Dakota State University -- NDSU Agriculture
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Prairie Fare: One From the Heart
By Julie Garden-Robinson, Food and Nutrition Specialist
Have you thought about your heart lately? Think how hard this pump works every day. The human heart beats nearly 100,000 times a day. Have you ever squeezed a tennis ball? That’s about the amount of force your heart uses with each beat. Thanks to your heart, your blood travels about 12,000 miles every day delivering nutrients and oxygen to cells.
Sometimes it takes a trip to the doctor and a high blood cholesterol reading to get people thinking about their hearts. February is American Heart Month, a time to consider some changes in our diet and lifestyle to keep our "tickers" possibly ticking a little longer. Regular physical activity and a healthy diet go hand in hand in keeping our hearts healthy and strong.
Blood cholesterol is a waxy, fat-like substance that’s not all bad. Cholesterol helps the human body digest fat, and it is used to make hormones that regulate body processes. A high blood cholesterol reading (greater than 200), however, is linked with greater risk for heart disease. Excess cholesterol can become part of artery-clogging plaques that make the heart work harder.
Eating too much saturated fat (the kind that is usually solid at room temperature) is linked with developing higher blood cholesterol levels, especially LDL ("bad cholesterol") levels. Dietary cholesterol, the type of cholesterol we get from our food, is found in animal-based foods like eggs and meat. People on medically prescribed diets for heart disease are usually encouraged to limit cholesterol-containing foods, too. And, sometimes, medication to lower blood cholesterol levels becomes necessary.
If your blood cholesterol level concerns you, there are some changes you can make to help keep it under control. In a research project called the "Smart Heart Challenge," hundreds of people in Connecticut, Colorado and California each ate a bowl of oatmeal daily to see the effects on their blood cholesterol readings. The average drop in blood cholesterol level was 16 points, and 70 percent of the participants lowered their cholesterol levels to some degree.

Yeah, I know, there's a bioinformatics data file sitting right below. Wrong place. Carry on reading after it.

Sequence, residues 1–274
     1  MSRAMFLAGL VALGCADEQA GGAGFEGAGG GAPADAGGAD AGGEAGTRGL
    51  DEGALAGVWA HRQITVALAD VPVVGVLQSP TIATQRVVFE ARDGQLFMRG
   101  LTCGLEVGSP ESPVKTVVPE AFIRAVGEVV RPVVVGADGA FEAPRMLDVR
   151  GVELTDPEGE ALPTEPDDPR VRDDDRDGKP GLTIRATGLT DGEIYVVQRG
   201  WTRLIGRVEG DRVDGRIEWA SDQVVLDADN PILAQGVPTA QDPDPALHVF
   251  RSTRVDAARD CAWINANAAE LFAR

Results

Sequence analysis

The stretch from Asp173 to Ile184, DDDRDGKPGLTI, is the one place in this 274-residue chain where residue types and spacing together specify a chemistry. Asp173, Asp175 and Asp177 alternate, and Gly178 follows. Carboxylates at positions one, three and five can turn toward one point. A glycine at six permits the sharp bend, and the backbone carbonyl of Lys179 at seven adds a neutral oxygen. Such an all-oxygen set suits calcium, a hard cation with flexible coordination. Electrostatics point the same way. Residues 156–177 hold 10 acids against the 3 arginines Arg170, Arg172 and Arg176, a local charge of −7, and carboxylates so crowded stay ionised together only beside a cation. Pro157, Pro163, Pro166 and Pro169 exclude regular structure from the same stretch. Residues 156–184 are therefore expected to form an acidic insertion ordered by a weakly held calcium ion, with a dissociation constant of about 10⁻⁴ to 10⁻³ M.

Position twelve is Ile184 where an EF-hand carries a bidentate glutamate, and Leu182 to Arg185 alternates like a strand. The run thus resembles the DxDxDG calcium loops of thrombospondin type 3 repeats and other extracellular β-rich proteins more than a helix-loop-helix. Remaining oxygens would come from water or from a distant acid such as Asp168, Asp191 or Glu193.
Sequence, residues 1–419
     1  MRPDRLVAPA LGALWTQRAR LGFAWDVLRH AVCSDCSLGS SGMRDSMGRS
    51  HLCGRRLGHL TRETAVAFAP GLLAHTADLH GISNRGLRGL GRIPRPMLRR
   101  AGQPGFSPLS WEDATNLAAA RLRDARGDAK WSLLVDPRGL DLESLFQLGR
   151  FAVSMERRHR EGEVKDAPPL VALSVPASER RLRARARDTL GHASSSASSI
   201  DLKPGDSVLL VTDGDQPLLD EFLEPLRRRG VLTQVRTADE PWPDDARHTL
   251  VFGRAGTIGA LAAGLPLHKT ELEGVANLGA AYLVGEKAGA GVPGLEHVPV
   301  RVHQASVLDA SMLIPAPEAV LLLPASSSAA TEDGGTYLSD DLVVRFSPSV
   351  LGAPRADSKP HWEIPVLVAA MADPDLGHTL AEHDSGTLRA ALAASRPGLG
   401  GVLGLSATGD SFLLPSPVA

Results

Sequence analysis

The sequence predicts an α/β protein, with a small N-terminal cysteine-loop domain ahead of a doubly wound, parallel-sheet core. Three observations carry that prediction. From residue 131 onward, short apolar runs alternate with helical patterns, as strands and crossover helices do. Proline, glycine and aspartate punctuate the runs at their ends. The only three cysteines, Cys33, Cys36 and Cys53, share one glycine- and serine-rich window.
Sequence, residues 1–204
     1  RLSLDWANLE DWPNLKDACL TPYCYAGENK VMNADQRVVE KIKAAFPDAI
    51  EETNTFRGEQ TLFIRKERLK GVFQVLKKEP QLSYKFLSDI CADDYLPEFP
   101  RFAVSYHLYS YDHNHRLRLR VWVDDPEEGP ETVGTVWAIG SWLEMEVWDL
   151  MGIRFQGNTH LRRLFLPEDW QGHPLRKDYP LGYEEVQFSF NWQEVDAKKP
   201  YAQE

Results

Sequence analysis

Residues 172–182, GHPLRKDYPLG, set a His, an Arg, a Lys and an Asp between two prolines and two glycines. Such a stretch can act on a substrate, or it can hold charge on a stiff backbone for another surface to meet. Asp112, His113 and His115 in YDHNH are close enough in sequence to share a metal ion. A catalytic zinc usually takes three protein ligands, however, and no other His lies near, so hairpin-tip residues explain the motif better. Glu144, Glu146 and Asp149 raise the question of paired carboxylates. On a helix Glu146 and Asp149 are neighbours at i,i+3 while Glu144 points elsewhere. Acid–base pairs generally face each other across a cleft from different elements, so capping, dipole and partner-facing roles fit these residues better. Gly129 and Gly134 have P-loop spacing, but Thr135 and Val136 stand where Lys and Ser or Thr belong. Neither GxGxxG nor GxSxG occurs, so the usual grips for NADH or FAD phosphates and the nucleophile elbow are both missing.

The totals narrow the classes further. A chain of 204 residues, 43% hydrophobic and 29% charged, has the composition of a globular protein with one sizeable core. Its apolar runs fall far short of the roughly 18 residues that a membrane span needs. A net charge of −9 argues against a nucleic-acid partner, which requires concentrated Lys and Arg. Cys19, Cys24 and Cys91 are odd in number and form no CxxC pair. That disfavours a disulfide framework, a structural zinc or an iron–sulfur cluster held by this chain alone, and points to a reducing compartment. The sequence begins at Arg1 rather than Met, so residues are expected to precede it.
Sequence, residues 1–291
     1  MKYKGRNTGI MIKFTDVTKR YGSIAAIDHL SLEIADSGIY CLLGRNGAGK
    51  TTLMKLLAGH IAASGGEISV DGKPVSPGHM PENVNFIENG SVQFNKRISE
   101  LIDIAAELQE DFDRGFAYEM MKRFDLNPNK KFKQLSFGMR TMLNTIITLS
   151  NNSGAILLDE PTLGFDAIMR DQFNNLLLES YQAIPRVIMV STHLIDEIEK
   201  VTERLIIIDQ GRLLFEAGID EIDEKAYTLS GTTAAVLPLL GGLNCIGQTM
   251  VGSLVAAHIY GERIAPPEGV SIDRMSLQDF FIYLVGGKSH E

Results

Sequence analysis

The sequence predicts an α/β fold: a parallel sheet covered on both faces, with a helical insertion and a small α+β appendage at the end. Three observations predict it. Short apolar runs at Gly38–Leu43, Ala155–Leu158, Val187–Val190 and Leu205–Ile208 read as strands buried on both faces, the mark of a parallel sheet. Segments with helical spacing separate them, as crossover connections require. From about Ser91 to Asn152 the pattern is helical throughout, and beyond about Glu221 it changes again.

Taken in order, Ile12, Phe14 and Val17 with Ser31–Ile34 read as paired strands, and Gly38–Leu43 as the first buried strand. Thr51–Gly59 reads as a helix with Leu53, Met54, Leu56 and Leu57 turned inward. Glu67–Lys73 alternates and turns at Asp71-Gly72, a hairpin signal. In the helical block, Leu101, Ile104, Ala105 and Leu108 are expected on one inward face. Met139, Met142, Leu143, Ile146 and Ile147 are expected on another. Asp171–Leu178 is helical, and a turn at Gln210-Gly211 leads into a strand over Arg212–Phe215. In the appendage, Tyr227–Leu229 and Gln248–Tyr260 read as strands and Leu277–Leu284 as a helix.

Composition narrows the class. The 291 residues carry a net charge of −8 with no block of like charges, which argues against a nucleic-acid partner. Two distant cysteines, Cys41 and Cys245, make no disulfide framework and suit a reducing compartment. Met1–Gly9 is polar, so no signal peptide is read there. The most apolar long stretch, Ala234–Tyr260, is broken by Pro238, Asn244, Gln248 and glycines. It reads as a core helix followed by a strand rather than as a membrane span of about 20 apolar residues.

Does the oatmeal have to be cooked to reduce cholesterol? Another research study with 135 adult participants ranging in age from 40 to 70 showed promise for cold oat-based cereals. Eating two portions of whole grain oat cereal reduced the subjects’ blood cholesterol levels by up to 18 percent.
Oatmeal contains beta glucans, a type of soluble fiber. Soluble fiber seems to act like a sponge, soaking up cholesterol-containing material in the digestive system and carrying it out of the body before it can be absorbed.
In 1997, oatmeal was the first food that became eligible for a specific health claim: "Soluble fiber from oatmeal in a diet low in saturated fat and cholesterol may reduce the risk of heart disease." So, in other words, a bowlful of oatmeal is likely to reduce your cholesterol level – but you need to do your part, and not live on brownies and ice cream for the rest of the day. Some other good sources of soluble fiber are barley, broccoli, Brussel sprouts, carrots, sweet potatoes, and cooked beans, peas and lentils.
Here’s a recipe from the Quaker Oats Company (www.quakeroatmeal.com) that adds some soluble fiber to an old family favorite. For more information about keeping your heart healthy, visit the American Heart Association Web site: www.americanheart.org